MPP Joel Harden starts second term, won’t run for NDP leadership

Joel Harden on the campaign trail this spring ahead of the June 2 provincial election. Photo courtesy of Joel Harden’s office. 

By Charlie Senack 

Ottawa Centre MPP Joel Harden says he’s ready to make “good trouble” after winning his second provincial election on June 2 with more than half the vote. 

Harden received 30,311 ballots cast under his name, according to Elections Ontario, totalling 54.3 per cent of the vote. Liberal candidate Katie Gibbs came in second place with 12,596 votes. Progressive Conservative candidate Scott Healey came in third place and received 8,773 votes; and Green Party candidate Shelby Bertrand came in fourth place with 2,718 votes. A total of 55,781 valid ballots were cast in Ottawa Centre and 266 votes were “rejected as to marking,” unmarked by voters or declined by voters. 

Bringing four years of experience into the role, Harden said he plans to tone down partisanship and focus more on key issues which his riding cares about.  

“I’m coming from a place of deep gratitude and appreciation for the confidence the residents of Ottawa Centre have shown not just me, but our whole MPP office team,” Harden told Kitchissippi Times. “There is a whole group of people here working hard and trying to put the interest of people in Ottawa Centre first. It’s nice to know that in the context of lower voter turnout, we have actually increased the vote for the Ontario NDP in Ottawa Centre in 2022 from 2018.”

In 2018, Harden beat Liberal incumbent Yasir Naqvi with 29,675 votes, totalling a little over 46 per cent. 

But while Harden picked up support locally, the NDP lost seven seats at Queens Park, falling to 31 from the 38 they had going into the election. Longtime Ontario NDP leader Andrea Horwath resigned shortly after. 

Harden thanked Horwath for her 14 years of serving the party, but said a new direction is needed. 

“I think we need a change not only in who the leader is, but how we do leadership. In this party we spend millions of dollars on consultants for focus groups, on polls, for ads,” said Harden.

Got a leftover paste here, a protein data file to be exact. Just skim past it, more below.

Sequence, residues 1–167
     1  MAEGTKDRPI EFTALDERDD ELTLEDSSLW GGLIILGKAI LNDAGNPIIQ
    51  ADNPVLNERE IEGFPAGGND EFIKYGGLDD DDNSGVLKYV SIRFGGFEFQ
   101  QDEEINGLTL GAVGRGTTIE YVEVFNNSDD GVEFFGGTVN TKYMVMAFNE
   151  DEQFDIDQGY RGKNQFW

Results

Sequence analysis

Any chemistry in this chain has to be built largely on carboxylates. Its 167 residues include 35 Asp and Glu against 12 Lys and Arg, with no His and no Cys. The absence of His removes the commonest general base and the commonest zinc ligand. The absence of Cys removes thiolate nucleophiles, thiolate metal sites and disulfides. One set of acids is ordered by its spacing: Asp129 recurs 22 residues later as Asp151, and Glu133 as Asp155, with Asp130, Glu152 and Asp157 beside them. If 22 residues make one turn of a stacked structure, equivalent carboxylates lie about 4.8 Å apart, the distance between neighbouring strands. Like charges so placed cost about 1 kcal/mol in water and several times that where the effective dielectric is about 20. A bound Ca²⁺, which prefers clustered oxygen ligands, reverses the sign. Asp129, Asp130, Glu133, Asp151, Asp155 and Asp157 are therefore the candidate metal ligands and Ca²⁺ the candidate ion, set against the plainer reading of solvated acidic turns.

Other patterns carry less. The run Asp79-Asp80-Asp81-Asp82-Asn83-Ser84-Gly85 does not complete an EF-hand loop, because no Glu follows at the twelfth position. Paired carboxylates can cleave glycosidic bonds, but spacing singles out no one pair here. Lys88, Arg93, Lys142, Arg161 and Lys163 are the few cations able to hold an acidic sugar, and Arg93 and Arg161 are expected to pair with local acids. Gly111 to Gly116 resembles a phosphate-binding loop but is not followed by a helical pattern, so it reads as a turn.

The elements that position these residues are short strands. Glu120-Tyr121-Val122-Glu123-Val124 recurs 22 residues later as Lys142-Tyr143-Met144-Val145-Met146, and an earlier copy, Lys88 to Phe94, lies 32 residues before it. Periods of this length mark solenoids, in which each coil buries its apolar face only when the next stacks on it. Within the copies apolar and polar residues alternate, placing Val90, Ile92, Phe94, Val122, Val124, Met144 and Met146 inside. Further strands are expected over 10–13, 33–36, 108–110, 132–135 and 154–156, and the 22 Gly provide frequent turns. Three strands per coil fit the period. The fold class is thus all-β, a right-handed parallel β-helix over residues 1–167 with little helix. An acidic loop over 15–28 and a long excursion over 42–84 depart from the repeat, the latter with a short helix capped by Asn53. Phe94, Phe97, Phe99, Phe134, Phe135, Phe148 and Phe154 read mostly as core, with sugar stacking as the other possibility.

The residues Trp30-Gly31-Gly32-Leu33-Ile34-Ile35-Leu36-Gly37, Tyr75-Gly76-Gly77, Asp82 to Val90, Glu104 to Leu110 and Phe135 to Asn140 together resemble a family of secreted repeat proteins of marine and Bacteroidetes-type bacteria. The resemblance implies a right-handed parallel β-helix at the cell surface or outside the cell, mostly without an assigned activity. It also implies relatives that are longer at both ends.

“If we had a leadership model that took the millions of dollars that NDP members give to us in the form of donations, and we put that right into our communities and showed up when people were in crisis or protesting…that’s going to get us a lot further than going the consultant model,” he added. 

Joel Harden sits on a set of steps wearing blue jeans and a long blue shirt. He is holding flyers and there is an orange Joel Harden NDP sign behind him.
The Ottawa Centre MPP during his first term. Photo courtesy of Joel Harden’s office.

There was discussion whether or not Harden would run for the leadership role, but after talking it over with his family and many community members, he decided the time just wasn’t right. 

“What I’ve learned about being the leader of a political party, especially leader of the Official Opposition or Premier, is that it’s a full-time job based out of Toronto,” said Harden. “I already have a full-time job here in Ottawa and shuttle between the two cities. Our kids are of an age where it’s a big sacrifice for our kids not to have their dad back on weekends, to not be able to see them. I’ve got a really good relationship with my kids who are still young so it’s not the right time for me.”

Harden said he feels leadership doesn’t need to come from the top and is looking to better the party through his new critic role. 

Harden previously served as Critic, Accessibility and Persons with Disabilities, and will now be Critic, Transit and Active Transportation. He plans to kick his new role into gear by cycling from Ottawa to Toronto from Aug. 4-7. 

“My first day of work is August 8, so I will be biking to Toronto, stopping on the way in various places to talk with people in Eastern Ontario about what their priorities are for active transportation,” said Harden. “That’s not just cycling; it could be using a power chair, a scooter, being a pedestrian—asking ourselves what can we do to make our communities more accessible for public transportation?”

On a more local level, Harden said he believes Ottawa has a large role to play in teaching the province about the rise of hate crimes, noting experience from surviving the so-called “freedom” trucker convoy which took over many downtown Ottawa streets for weeks. 

He’s also focused on the municipal election coming up this fall, and is hoping to see more left-leaning councillors in office. Harden is supporting Catherine McKenney for mayor and is a champion for free public transit, which has become a focal point of the campaign. 

Harden is also passionate about pouring more funding into healthcare, and is concerned about the many emergency rooms across Ontario closing due to low staffing levels caused by the COVID-19 pandemic. He also wants to look at the state of the province’s education system and do more to deal with the opioid crisis. 

“Housing, healthcare, education, climate change, the opioid crisis: it feels like we are living in the moment of many overlapping crises,” said Harden. “That’s what I kept hearing back from people. That’s why I’ve put the focus on kindness, hard work — but still making good trouble. People in this community have great expectations for their elective representatives and they expect us to have the bravery to raise the questions we need to push our politics forward.”

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